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Suppose that $f:A\rightarrow B$ and $g:B \rightarrow C$ are both one-to-one and onto. Prove that $gf$ is one-to-one and onto. Prove further that $(gf)^{-1} = f^{-1}g^{-1}$.

I have already proven the first part, but the second part has always puzzled me. I have tried assuming $x \in (gf)^{-1}$ but that doesn't lead to nowhere. Nor does $x \in (gf)^{-1}(t)$ and showing $x = t$. How to prove?

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marked as duplicate by Daniel Fischer Oct 3 '17 at 10:08

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The definition of the inverse is that $h \circ h^{-1} = \operatorname{id}$ and $h^{-1} \circ h = \operatorname{id}$, where $\operatorname{id}$ is the identity function.

Showing that $(gf)^{-1} = f^{-1}g^{-1}$ is equivalent to showing

$$g \circ f \circ f^{-1} \circ g^{-1} = \operatorname{id}$$ $$ f^{-1} \circ g^{-1} \circ g \circ f= \operatorname{id}$$

Can you do this?

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  • $\begingroup$ Do I have to define f as a 1-1 onto function first, and then same for g? @Isaac Solomon $\endgroup$ – Don Larynx Sep 28 '13 at 23:48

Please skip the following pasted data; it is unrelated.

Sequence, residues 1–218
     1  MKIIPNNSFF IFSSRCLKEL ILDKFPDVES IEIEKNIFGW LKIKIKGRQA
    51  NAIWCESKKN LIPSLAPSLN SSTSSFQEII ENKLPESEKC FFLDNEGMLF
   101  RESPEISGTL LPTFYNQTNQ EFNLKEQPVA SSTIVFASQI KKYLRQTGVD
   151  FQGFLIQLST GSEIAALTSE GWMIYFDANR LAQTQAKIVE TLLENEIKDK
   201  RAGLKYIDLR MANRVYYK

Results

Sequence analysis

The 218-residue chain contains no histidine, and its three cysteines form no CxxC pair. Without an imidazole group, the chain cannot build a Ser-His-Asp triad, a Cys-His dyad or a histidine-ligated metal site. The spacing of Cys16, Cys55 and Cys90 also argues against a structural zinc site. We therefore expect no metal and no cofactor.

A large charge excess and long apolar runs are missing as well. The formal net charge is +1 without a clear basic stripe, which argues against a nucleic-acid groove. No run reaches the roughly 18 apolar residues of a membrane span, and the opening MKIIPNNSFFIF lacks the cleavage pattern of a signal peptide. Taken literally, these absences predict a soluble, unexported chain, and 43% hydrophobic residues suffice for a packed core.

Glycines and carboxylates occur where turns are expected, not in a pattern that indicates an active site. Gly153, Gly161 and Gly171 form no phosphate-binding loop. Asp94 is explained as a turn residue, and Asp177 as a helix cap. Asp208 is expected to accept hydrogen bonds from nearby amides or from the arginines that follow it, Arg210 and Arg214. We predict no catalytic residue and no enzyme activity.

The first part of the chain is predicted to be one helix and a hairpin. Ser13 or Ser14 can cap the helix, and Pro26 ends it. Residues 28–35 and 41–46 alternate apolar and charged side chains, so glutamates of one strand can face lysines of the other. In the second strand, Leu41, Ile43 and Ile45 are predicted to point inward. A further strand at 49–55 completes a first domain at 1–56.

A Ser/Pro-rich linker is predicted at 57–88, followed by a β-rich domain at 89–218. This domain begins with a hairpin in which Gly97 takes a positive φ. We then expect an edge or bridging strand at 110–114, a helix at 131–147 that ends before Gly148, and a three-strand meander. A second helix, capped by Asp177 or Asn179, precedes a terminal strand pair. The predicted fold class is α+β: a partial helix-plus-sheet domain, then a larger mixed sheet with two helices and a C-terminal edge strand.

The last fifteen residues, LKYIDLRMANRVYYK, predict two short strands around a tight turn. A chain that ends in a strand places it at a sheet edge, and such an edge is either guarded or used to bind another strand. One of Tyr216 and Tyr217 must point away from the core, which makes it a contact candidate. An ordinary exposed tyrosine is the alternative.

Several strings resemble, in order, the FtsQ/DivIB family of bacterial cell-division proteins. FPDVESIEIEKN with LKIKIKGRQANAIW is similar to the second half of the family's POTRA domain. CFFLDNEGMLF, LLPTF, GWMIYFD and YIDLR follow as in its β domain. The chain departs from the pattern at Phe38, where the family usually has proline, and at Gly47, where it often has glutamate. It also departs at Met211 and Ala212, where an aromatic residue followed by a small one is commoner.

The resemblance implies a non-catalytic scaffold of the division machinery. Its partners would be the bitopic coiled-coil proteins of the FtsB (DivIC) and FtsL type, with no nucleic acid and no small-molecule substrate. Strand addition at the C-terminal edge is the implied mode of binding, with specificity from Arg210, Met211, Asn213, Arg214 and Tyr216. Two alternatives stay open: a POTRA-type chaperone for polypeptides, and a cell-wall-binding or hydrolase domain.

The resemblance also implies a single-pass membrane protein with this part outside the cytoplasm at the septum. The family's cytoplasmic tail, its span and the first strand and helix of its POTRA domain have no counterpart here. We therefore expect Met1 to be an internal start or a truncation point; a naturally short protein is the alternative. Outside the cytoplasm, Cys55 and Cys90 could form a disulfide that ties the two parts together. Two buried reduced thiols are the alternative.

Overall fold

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    $\begingroup$ @DonLarynx $f$ and $g$ must be one-to-one and onto in order for the question to make sense, since $f^{-1}$ and $g^{-1]$ otherwise don't exist. $\endgroup$ – bradhd Sep 28 '13 at 23:56
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$\newcommand{\imp}{\quad\Longrightarrow\quad}$

$$ \left(\rm gf\right)^{-1}\left(y\right) = x \imp y = \left(\rm gf\right)\left(x\right) = {\rm g}\left({\rm f}\left(x\right)\right) \imp {\rm f}\left(x\right) = \left(\rm g\right)^{-1}\left(y\right) $$

$$ \imp x = \left(\rm f\right)^{-1}\left(\left(\rm g\right)^{-1}\left(y\right)\right) = \left(\left(\rm f\right)^{-1}\left(\rm g\right)^{-1}\right)\left(y\right) $$

$$\color{#ff0000}{\large% \left(\rm gf\right)^{-1}\left(y\right) = \left(\left(\rm f\right)^{-1}\left(\rm g\right)^{-1}\right)\left(y\right)} $$

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$(fg) x = f(g(x))$. $(fg)^{-1} (fg) x = (fg)^{-1} f(g(x))$. If you want to get back to $x$, what function do you first have to apply to $f(g(x))$? What function do you have to apply next?

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